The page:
No sex, but there’s brief references to King David’s adultery with Bathsheba, the death of the infant associated with that affair but followed up by the birth of Solomon, who became David’s heir
No alcohol use, but some references to vineyards in Israel
Smoking and/or Drug Use and Abuse:
No smoking or drugs; and,
Nothing really objectionable.
ROUTE 60: THE BIBLICAL HIGHWAY features former Secretary of State Mike Pompeo and former U.S. Ambassador to Israel David Friedman, who visit major biblical sites along Route 60, a 146-mile highway that runs north and south down the middle of Israel, begins in Nazareth, Jesus’s hometown, goes through Jerusalem where Jesus was crucified and rose from the dead, travels to Hebron, where Isaac and Ishmael buried their father, Abraham, and ends in Beersheba, where Abraham lived most of his life. Inspiring as well as informative, ROUTE 60: THE BIBLICAL HIGHWAY focuses on the biblical roots of Judaism and Christianity, with references to Abraham, Moses, Joshua, King David, King Solomon, the Apostle Peter, and the death and resurrection of Jesus, but also offers hope that peace can be established between Israel and its Arab neighbors through the Abraham Accords that Pompeo and Friedman worked on during President Trump’s administration.
The tour down Route 60 begins in Northern Israel in Nazareth, the town where Jesus grew up. Pompeo discusses the Angel Gabriel appearing to Mary to tell her about the birth of the Savior, Jesus, in her womb. Friedman mentions that Mount Carmel and Mount Gilboa are nearby. Mount Carmel is where the Prophet Elijah challenged the pagan prophets of Baal to a test, which showed that Elijah’s God was the One True God. Mount Gilboa is the site where King Saul fell on his sword in his final battle with David.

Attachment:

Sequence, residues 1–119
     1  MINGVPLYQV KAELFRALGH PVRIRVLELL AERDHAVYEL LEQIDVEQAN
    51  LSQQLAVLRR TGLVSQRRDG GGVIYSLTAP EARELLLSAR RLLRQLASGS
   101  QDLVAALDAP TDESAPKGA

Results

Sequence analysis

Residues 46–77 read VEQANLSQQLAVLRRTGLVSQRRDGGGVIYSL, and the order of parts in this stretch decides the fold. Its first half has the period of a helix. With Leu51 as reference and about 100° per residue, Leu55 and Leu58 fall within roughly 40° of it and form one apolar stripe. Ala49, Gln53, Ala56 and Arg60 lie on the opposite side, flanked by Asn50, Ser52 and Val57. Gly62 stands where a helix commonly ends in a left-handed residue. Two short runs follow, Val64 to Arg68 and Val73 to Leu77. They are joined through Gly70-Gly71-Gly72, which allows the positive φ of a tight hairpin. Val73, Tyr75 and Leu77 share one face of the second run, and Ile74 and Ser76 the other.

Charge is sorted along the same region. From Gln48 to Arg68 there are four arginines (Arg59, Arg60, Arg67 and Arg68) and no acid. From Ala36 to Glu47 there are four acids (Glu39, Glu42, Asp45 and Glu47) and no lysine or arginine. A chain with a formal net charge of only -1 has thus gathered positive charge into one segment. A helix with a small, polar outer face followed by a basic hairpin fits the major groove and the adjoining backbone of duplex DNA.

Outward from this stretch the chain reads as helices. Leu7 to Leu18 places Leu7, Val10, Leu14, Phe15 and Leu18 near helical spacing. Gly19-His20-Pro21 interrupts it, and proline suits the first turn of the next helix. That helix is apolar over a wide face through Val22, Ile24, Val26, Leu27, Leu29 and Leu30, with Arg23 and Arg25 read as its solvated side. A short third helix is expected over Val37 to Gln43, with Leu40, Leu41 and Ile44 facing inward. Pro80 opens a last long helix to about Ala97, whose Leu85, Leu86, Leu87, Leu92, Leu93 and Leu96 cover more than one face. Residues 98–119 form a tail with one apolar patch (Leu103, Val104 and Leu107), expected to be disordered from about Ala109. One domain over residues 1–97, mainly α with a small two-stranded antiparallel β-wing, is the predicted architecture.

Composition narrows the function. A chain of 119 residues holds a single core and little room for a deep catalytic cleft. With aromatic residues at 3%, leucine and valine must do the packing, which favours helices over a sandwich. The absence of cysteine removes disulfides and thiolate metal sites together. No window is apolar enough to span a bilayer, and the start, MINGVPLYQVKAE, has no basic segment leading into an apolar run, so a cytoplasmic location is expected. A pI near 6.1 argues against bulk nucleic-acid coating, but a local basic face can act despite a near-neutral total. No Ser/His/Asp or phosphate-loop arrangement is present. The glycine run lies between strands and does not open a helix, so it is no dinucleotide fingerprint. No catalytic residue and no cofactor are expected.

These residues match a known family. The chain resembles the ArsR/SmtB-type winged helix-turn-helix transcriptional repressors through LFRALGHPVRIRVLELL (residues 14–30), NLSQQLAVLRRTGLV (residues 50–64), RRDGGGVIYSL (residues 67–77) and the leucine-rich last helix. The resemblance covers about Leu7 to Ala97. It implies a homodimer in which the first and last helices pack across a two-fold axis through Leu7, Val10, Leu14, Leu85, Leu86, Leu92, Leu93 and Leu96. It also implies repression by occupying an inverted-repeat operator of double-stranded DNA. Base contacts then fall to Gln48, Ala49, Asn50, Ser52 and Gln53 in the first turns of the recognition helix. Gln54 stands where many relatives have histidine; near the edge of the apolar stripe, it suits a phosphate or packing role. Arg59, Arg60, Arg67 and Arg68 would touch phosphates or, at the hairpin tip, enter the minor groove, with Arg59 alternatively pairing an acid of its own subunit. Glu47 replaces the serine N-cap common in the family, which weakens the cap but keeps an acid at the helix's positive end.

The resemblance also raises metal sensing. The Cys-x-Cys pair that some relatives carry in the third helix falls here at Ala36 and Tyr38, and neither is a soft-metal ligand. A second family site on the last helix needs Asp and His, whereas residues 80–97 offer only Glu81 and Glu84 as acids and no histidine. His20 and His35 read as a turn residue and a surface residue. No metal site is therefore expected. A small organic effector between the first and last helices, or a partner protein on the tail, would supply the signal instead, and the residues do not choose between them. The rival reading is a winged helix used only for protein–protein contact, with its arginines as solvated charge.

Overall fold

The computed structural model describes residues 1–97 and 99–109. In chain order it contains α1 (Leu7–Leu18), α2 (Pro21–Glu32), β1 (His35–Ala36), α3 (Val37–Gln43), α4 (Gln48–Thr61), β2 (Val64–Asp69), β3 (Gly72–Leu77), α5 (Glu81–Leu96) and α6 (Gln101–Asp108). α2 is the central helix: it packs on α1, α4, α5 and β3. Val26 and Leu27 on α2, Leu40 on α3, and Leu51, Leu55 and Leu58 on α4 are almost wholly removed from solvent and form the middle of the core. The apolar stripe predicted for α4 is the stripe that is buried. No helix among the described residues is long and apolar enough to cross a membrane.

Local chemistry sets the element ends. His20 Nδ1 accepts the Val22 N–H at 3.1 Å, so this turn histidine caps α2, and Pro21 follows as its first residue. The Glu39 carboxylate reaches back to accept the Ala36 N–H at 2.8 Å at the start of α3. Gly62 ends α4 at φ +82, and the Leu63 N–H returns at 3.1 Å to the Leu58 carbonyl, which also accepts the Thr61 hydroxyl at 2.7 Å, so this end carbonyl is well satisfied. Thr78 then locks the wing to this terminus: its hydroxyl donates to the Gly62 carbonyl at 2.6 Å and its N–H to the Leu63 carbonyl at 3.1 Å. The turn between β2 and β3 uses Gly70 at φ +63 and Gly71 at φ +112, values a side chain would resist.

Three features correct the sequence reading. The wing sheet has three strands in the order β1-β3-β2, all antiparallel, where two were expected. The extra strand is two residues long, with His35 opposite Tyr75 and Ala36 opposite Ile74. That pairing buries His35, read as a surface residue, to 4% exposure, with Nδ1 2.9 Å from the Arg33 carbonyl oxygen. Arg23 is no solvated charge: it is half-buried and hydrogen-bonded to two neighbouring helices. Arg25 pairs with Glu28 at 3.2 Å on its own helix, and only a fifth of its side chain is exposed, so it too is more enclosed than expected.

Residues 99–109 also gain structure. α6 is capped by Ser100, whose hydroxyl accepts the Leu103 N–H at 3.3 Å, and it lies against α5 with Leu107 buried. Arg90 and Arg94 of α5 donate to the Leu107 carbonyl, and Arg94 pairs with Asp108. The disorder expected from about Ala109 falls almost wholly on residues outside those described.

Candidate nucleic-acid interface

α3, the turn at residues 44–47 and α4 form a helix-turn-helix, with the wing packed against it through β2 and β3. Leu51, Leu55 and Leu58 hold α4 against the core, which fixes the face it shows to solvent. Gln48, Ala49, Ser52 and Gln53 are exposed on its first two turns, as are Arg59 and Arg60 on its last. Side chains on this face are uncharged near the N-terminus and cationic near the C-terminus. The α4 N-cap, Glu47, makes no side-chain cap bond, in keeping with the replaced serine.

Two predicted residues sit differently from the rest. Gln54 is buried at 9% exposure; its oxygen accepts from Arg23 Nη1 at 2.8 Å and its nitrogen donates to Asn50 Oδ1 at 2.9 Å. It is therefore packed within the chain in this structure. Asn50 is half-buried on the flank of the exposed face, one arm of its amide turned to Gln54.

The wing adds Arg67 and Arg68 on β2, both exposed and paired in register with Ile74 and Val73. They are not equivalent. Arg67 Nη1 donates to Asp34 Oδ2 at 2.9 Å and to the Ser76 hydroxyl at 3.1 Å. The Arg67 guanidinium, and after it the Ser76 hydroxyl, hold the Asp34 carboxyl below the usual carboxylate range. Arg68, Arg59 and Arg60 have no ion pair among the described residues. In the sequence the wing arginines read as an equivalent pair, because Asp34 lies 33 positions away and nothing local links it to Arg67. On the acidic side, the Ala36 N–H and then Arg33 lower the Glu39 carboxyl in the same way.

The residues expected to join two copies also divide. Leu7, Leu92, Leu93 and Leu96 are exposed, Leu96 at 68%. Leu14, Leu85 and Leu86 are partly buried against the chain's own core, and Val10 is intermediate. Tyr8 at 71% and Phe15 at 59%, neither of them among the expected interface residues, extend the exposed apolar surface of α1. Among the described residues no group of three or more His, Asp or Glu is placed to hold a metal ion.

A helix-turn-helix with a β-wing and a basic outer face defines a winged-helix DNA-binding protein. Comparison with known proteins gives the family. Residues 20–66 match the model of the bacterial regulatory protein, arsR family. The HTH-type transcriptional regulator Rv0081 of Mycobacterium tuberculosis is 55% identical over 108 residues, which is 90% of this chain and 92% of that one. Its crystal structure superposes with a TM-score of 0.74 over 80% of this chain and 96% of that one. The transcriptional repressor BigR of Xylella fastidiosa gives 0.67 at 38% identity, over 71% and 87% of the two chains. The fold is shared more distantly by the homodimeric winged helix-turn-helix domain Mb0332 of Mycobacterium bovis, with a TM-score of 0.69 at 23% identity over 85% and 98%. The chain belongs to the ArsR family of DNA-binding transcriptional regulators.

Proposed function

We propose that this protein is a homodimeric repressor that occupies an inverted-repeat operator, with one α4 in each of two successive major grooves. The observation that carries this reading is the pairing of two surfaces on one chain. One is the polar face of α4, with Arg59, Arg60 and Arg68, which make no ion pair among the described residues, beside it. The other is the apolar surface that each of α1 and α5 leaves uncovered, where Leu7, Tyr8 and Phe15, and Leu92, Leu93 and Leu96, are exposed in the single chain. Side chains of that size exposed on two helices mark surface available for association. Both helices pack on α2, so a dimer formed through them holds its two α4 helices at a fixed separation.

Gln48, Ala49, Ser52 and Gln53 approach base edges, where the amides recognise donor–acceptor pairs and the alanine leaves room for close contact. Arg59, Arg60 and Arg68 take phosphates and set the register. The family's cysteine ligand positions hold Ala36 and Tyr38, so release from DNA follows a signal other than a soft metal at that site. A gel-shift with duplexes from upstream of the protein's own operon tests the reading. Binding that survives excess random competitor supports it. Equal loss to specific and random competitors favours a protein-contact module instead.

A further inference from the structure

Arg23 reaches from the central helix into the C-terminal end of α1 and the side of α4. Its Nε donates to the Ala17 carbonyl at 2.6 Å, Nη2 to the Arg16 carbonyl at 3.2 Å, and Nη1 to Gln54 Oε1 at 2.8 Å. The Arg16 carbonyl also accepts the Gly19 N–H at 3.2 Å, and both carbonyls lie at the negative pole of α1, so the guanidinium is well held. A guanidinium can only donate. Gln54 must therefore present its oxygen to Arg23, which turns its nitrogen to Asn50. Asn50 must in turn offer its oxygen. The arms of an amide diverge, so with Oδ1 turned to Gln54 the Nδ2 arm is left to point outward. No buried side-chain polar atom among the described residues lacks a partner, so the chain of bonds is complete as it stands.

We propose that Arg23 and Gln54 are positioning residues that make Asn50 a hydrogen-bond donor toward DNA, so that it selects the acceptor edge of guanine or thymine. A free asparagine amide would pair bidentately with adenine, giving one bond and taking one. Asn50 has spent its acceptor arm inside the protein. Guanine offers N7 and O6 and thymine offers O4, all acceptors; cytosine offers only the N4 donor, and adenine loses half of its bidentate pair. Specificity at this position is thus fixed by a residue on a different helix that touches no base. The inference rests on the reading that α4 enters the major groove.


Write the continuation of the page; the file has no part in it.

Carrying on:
Fifty-one miles south from Nazareth is the valley between Mount Elba and Mount Gerizim, where Joshua, the successor to Moses, read the blessings and curses the people
of Israel would incur if they obey or disobey God’s Law. Pompeo and Friedman visit the altar of stones not hewn that Joshua built to commemorate this event. They also visit Joseph’s Tomb and Jacob’s Well, where Jesus presented the Gospel to the Samaritan women.